David Nice

Heroic smaller enterprises have kept music live under unpromising circumstances

Voces8 LIVE from London online review part 2 – an assortment box of Christmas choral treats

Bernard Hughes

The second half of this ambitious festival provides further multifarious pleasures

Best of 2020: Classical CDs

Graham Rickson

Twelve of the year's best classical releases

Stile Antico, The Cardinall's Musick, Wigmore Hall online review – lightening our darkness

Boyd Tonkin

The rapt beauty of a Renaissance Christmas pierces the gloom

Dame Fanny Waterman (1920-2020) - some recollections, with love and affection

Adam Gatehouse

The Leeds International Piano Competition's Artstic Director remembers its founder

Classical CDs Weekly: Christmas CDs 2020

Graham Rickson

Ten choice discs for the festive season

Zimerman, LSO, Rattle, LSO St Luke's review - rainbow colours, continuity and imperial soaring

David Nice

The richest of palettes applied to Beethoven, while Stravinsky sings and dances

First Person: conductor Johannes Vogel on Beethoven’s Ninth as re-orchestrated by Mahler

Johannes Vogel

The importance of celebrating the anniversary year’s end with a bang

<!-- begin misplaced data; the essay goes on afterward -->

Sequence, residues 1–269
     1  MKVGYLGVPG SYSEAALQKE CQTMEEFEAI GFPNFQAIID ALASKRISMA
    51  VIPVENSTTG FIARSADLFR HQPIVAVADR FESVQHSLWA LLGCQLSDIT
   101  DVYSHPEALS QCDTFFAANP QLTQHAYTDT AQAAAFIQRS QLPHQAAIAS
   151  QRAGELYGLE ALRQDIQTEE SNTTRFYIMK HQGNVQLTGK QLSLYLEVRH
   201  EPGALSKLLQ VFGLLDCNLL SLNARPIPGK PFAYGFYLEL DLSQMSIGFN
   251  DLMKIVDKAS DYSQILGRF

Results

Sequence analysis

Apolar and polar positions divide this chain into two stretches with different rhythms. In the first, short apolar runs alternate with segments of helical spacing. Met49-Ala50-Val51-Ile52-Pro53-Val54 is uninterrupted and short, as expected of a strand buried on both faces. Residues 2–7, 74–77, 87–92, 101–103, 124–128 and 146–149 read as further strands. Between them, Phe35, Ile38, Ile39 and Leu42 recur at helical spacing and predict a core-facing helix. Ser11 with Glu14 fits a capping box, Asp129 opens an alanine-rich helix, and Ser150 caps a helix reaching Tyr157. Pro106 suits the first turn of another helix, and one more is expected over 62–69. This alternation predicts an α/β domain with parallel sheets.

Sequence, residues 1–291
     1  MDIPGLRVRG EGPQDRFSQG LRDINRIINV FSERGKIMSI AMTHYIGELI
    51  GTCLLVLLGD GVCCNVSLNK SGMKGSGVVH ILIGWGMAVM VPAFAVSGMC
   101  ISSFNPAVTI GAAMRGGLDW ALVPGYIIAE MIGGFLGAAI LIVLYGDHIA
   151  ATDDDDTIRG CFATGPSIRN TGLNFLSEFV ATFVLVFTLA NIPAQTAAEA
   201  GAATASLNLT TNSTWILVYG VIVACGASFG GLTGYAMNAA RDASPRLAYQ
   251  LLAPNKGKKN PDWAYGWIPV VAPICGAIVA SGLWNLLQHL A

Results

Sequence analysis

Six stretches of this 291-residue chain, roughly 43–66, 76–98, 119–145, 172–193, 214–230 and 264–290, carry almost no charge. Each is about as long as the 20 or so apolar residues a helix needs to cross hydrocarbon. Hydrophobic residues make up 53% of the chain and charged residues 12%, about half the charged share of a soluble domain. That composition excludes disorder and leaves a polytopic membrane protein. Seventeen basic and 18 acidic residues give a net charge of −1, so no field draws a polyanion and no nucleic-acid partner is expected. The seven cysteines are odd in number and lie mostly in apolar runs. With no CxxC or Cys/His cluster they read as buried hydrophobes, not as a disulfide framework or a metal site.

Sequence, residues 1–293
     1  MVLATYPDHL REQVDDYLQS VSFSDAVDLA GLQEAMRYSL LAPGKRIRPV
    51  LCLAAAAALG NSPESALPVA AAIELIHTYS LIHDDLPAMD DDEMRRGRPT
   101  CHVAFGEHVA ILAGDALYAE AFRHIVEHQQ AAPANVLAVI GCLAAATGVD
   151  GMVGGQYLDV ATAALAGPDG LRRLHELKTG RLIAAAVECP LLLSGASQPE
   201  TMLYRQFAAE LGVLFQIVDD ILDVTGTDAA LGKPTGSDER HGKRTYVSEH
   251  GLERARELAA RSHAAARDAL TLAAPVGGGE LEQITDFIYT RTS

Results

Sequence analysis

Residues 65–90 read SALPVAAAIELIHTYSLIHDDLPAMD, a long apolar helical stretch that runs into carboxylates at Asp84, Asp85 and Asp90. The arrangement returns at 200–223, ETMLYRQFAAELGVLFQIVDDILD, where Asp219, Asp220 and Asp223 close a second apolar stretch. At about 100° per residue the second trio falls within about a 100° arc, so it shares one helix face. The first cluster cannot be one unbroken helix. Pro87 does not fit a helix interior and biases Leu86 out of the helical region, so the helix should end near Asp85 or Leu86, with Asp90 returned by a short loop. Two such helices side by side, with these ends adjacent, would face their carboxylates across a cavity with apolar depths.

Iestyn Davies, Arcangelo, Wigmore Hall review - heavenly Handel as the lights dim again

Boyd Tonkin

The star counter-tenor unlocks a box of lesser-known treasures

Voces8 LIVE from London online review - a cracking choral Christmas

Bernard Hughes

First half of this lavishly-tooled festival offers a range of musical delights

Gabriele Carcano, Fidelio Orchestra Cafe - fresh, funny and focused Beethoven

David Nice

The anniversary composer's wit at its most revelatory in this instalment of a sonatas cycle

Fidelio, Opera North online review - less is really more

Robert Beale

Adaptation leaves Beethoven's music in all its glory

Osborne, Aurora Orchestra, Kings Place review – live music that lives and breathes

Bernard Hughes

Good-natured Mozart and stern Shostakovich make a successful partnership

Kanneh-Mason Trio/Cassadó Ensemble, Kings Place review - the fewer the players, the greater the music

David Nice

Ravel's Duo spoiled us for early Mahler and Dohnányi, but the playing shone

Williams, Hallé, Elder online review - big results from small forces

Robert Beale

Second Covid-style film performance offers a memorable sequence of ensembles

Classical CDs Weekly: Stravinsky, Weinberg, Igor Levit

Graham Rickson

Colourful ballets, neglected chamber music and a great German pianist's lockdown album

Higham, Scottish Chamber Orchestra, Emelyanychev online review - I should rococo

Bernard Hughes

Joyous Schubert and Tchaikovsky to lift the spirits